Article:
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Silicone Implants

The FDA just lifted its ban on silicone implants. Instead of waiting for safety studies, they have decided to allow them back on the market with a “wait and see” attitude to see if any problems crop up. Supposedly, the FDA is supposed to hold off on the approval of drugs and medical devices until safety can be established. Although it seems more and more that they are allowing these drugs and devices to be put on the market and people being used as human guinea pigs. When the drugs are devices are found to be very dangerous or deadly the FDA often leaves them on the market, unless forced to remove them.

The safety of silicone implants has been in question for quite a long time. Back in the early 60s, both Dow Corning Wright (DCW), and the FDA, submitted interoffice memorandums admitting that the original breast implants could cause problems due to the polyurethane coating, which decomposed in the body in to the carcinogen TDA. Despite the danger, both DCW and the FDA did not remove these implants from the market, but rather stated that their use should be limited. The coated implants were eventually banned because of the danger of cancer from these type implants.

Though, the safety problems did not end there. Silicone implants have been suspected of causing a host of problems from autoimmunity to connective tissue disorders. Talking to women over the years with silicone implants, I have heard complaints suspected from the implants including skin disorders, chronic sinus infections, joint disorders, memory loss, etc. A personal friend of mine developed breast cancer in her right breast after her right silicone implant ruptured. She had the implants replaced with saline implants thinking they were safer. The cancer was eventually put in to remission with herbs and ozone therapy. When her saline implants started to leak she started developing malignant tumors all over her body. She sold her ozone unit to help cover her medical bills. I received a call one day from a mutual friend, and I was told that our friend was in hospice. She passed away shortly afterward. I have no doubt that the implants were a direct cause of her death.

Silicone manufacturers maintain that their products are safe, and there is no evidence that the implants cause any health problems. Research on the safety of silicone tells a different story. When researching the safety of silicone breast implants a while back, I ran across a very interesting article in a medical journal. The article did not have anything to with implants, but brought up an interesting fact. The article actually described a 12 year old girl with a silicone drainage tube in her brain. The patient developed antibodies to the silicone drainage tube. The reason this is so important is that it shows us too things. First, all the focus has been on the liquid silicone in the implants, which starts leaking from the implants right after they are implanted. They do not need to rupture to leak. This case shows us that not only does the body react to the foreign silicone, but also that the body reacts to solid silicone. The bags of silicone and saline implants are made of solid silicone. To understand why this is important, we must first understand a simple fact. Contrary to what we are taught in medicine, antibodies are not always specific to their target.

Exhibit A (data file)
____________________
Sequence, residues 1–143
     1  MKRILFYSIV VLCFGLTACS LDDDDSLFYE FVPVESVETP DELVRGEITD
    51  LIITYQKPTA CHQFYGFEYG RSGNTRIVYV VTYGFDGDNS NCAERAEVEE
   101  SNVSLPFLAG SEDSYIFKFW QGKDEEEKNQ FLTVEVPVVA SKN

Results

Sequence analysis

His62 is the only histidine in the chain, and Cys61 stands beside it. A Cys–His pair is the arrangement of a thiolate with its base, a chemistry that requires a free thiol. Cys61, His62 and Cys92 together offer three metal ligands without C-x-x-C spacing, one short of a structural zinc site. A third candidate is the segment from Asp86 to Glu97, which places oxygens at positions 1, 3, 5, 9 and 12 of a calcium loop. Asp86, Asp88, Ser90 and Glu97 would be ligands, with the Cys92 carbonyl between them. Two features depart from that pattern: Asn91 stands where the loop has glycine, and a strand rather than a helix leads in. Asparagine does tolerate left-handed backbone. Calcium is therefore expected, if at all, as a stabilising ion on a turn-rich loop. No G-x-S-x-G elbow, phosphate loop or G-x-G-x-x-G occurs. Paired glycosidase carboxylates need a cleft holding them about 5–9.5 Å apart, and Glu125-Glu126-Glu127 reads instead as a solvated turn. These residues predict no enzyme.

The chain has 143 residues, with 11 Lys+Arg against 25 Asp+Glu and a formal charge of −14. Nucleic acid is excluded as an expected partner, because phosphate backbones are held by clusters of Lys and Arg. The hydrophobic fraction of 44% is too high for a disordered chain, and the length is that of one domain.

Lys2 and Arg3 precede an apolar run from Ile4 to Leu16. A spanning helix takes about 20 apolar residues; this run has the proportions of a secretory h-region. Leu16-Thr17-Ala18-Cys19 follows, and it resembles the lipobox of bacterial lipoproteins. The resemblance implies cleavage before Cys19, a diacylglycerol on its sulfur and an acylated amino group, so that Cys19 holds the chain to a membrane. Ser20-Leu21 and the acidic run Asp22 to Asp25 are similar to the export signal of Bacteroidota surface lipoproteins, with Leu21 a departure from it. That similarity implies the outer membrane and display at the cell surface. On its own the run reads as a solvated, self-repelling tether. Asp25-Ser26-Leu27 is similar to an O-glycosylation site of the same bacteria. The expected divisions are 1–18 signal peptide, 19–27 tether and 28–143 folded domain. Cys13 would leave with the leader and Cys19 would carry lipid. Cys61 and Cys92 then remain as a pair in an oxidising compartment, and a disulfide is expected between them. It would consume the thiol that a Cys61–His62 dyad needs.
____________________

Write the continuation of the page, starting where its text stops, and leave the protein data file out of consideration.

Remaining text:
Antibodies have different levels of specificity. High affinity antibodies are more specific to their target, and are the primary form of antibodies produced by a healthy immune system. Low affinity antibodies are less specific to nonspecific, and are the primary antibody produced in autoimmune disorders. Low affinity antibodies mistake healthy tissues for antigens, and inadvertently tag healthy tissue for destruction by white blood cells.

Understanding the above concept helps us to understand how silicone creates connective tissue disorders. As the immune system tries to deal with the foreign substance, antibodies are generated against the silicone. When the antibodies being generated are low affinity, they can tag connective tissue for destruction due to the resemblance between silicone and the connective tissue protein collagen.

Not every woman with breast implants will develop connective tissue disorders, or other problems. The reason is that the production of low affinity antibodies is not regulated by the presence of an antigen, but rather is due to the level of adrenal function. The adrenal glands produce hormones known as corticosteroids, which modulate the immune response. When the adrenal glands are healthy, they can produce sufficient levels of the corticosteroids for the production of high affinity antibodies. If the adrenal glands become suppressed from conditions such as Prednisone use, chronic stress, or stimulant abuse, then lowered levels of corticosteroids can lead to a higher production of low affinity antibodies. This increases the risk of connective tissue disorders.

It is also possible that anti-silicone antibodies play a role in the failure of implants. The average lifespan of an implant is around 12 years. The implants are not being exposed to ultraviolet, or other things that can cause silicone deterioration. Therefore, it should be considered that the immune system’s assault on the silicone could play a role in the walls of the bag weakening and eventually rupturing.

Liquid silicone does pose more of a problem than solid silicone though. Once liquid silicone leaks in to the body, the silicone migrates in to various tissues, making it impossible to completely remove. There is even some concern that liquid silicone might be able to migrate in to the brain. Regardless, women with silicone poisoning from leakage of liquid silicone, risk a lifetime of health problems.

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